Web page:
the North and Democrats of the the public scene was presided
South. It is Lyndon Johnson who over by the most famous liberal
has borne the responsibility of midwife of the time -Franklin D.
erecting a Democratic record in Roosevelt. Johnson had served as
Congress which will give the party the Texas head of the National
a valid claim to the White House Youth Administration, a New Deal
in 1960. agency, and he was elected to the
If he continues to build that House ofnRepresentatives at the
record successfully, his supporters age of twenty-nine on a platform
feel that Johnson himself will be supporting Roosevelt's 1937 plan
the most logical person to receive to "pack" the Supreme Court. ButI
the Presidential nomination of the Johnson has been credited with a
Democratic party. Numbered major hand in defeating the at-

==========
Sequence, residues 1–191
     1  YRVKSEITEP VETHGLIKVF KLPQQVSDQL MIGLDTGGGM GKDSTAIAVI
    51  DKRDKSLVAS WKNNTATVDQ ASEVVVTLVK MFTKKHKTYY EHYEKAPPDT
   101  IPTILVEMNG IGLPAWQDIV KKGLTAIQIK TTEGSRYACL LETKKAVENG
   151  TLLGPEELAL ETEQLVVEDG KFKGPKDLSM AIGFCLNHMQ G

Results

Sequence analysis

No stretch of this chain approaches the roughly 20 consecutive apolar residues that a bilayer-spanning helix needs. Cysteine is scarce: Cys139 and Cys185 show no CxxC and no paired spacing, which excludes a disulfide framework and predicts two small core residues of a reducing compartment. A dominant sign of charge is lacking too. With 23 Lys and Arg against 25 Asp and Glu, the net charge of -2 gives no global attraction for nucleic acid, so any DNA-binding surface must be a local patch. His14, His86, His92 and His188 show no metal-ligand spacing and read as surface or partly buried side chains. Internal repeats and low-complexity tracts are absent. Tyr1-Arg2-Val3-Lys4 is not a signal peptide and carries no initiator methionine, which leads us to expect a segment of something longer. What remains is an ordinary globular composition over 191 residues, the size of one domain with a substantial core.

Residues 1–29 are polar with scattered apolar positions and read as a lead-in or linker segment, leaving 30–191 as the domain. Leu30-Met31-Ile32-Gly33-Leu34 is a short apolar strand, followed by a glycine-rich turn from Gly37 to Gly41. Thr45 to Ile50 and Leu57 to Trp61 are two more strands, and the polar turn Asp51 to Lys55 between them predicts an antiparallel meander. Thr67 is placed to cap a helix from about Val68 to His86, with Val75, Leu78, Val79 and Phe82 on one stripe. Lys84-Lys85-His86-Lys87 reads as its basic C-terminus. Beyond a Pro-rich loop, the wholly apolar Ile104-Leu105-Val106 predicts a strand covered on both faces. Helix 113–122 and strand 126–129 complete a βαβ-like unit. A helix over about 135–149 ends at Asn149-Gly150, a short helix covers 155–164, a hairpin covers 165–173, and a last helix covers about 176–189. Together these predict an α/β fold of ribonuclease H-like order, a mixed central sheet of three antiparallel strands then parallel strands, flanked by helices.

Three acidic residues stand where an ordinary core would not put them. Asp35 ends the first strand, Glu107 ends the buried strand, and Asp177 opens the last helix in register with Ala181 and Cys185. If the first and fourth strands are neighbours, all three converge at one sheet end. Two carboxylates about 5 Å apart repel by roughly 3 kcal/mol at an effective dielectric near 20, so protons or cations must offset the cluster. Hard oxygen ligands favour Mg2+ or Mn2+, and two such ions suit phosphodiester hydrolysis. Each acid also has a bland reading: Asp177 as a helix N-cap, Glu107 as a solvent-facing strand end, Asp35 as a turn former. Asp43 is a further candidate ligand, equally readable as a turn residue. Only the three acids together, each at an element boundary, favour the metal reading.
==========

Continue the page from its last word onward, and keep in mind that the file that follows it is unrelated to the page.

among such supporters are the tempts of Southerners and con-"
State Legislature of Texas and servatives to curb today's morej
Sam Rayburn, Speaker of the liberal Court.
House of Representatives. There is every reason to believe
that Johnson's New Deal convic-
UT TEXANS wield much less tions continue at full strength and
power in the national Demo- that his desire to aid the Southern
cratic party than they do in Con- Negro through piecemeal additions
gress. Unless there is a deadlock in to civil rights legislation is both
the National Convention, and the sincere and realistic. He may prove
contending forces can agree on to have been a greater friend of
nobody else, Lyndon Johnson will the Negro than any halfaidozen
not be nominated. The influences Northern legislators whose dra-
working against Johnson's nomi- matic plans for a massive assault
nation are the same as those which on racial barriers win headlines
defeated Senator Taft; but they but would, if adopted, bring a

Joh
deni
part
the
polit,
the
gres
as 1
resid
eleC
Unit
natt
Of ti
cial
the
anc
j immr
base
that
as a
appe
doub
y At
Mas,
x f in t
nom
whey
x prim
the
- path
reco
x - men
4 - Lynd